Tell people what to do!

Sometimes you need to s-p-e-l-l it out to your clients and prospects what you want them to do. Now of course I don’t mean this in a shout-out-instruction-like-a-sergeant-major type way (!), but in a ‘make it nice and easy and clear what to do next so you are gently corralling people in the right direction’.

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Take 2(00)

2

Now I love my Thing, as I know you do too. And here’s the thing about your Thing: when it’s brilliant, it’s your responsibility to share it—over and over again.

To just do your Thing once isn’t going to help everyone who needs your Thing. And every time you deliver your Thing you need to do it brilliantly.

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The Marketing Merry-Go-Round

Your marketing plan should be a nice ride that people stay on until they’re ready to get off.

You don’t decide when they get off—they do. And when they do get off they either head straight over to you and say “I’m ready—let’s go” or they say “Thanks so much for the ride” and walk away. You don’t want them jumping off and running away to escape your marketing, you don’t want them being forced off either—especially if they were enjoying the ride—and you also don’t want to suddenly change the ride into something they don’t want to be on.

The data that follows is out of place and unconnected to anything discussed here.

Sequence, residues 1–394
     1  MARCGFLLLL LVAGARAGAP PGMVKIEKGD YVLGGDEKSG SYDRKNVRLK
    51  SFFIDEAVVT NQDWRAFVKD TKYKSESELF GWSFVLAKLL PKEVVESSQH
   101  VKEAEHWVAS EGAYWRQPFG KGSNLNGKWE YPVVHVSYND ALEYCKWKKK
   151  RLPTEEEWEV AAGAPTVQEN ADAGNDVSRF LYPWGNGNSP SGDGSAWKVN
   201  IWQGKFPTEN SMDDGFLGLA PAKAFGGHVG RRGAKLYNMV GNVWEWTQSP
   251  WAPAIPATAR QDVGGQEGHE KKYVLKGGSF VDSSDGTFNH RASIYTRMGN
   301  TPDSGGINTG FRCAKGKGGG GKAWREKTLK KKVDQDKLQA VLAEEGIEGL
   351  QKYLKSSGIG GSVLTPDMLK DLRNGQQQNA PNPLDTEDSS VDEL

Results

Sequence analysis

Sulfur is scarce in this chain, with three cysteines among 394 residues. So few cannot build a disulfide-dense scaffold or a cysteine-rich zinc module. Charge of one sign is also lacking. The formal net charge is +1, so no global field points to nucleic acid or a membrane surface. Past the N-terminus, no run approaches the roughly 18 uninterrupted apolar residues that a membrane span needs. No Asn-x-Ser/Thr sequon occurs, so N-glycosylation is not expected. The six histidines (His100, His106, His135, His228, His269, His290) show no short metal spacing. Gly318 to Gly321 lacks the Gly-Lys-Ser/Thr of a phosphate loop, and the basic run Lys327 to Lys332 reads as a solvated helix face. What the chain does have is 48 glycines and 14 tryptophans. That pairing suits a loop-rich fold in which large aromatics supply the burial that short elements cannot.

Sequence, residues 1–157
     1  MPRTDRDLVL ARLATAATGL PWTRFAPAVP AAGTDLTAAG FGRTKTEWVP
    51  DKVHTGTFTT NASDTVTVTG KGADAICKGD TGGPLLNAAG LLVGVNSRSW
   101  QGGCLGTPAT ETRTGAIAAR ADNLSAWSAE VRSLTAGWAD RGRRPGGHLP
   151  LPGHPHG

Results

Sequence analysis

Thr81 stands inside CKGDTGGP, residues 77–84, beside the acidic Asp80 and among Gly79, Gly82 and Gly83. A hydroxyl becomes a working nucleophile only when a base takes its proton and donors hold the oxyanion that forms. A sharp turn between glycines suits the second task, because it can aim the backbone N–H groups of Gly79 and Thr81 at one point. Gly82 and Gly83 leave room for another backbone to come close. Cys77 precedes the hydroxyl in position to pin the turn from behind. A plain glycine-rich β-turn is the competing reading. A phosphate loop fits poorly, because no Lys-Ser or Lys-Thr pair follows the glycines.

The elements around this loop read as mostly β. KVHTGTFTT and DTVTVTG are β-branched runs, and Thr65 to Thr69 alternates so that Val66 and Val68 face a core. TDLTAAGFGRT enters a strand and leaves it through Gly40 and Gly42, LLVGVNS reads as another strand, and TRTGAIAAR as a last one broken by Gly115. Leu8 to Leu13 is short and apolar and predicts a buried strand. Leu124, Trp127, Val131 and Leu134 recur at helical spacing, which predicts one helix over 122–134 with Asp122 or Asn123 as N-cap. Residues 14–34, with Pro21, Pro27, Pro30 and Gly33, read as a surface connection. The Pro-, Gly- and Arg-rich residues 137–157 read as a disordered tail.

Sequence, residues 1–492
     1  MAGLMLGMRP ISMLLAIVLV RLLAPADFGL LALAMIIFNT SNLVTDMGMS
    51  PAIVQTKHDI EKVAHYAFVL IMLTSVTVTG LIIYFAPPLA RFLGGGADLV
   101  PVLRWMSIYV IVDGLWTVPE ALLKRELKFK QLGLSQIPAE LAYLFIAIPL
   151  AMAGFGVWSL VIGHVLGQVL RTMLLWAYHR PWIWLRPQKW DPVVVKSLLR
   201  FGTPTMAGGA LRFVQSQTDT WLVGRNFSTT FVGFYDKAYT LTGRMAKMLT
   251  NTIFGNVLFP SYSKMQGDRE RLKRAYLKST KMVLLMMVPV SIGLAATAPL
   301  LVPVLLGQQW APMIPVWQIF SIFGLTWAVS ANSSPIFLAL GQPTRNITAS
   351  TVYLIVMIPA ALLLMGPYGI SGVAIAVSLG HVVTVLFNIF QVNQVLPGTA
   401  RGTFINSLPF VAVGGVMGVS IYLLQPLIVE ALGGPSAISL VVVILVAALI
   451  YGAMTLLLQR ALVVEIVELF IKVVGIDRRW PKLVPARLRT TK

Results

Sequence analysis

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Getting to Zero

When you do your Thing are you helping people get from a ‘negative’ place to ‘zero’—that place of neutrality where everything is ‘normal’?

Marketing to a person or business who is in negative place and telling the them you can take them to amazingly positive place can seem like a huge—and unbelievable—step. But marketing to a person who is in negative place and telling them you can get them to ‘zero’ is not.

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Keep checking the end of your own nose…

Now, I know that you already know that your Thing is on the end of your nose. So yes, it’s as plain as day to everyone else, but often you look straight past it… and yet it’s the very thing that you do brilliantly and don’t always notice. And don’t think that you don’t have to keep checking the end of your nose either…

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Not everyone is an entrepreneur

If you’re happy to just do your Thing—get paid for it—all is well, but you’re probably not an entrepreneur—just a self-employed, or employed even, Thinger. It’s when you take risks—either the risk of standing out, of doing something differently, of calling yourself a ‘name’, of standing by a process or philosophy that’s yours—then you’re an entrepreneur.

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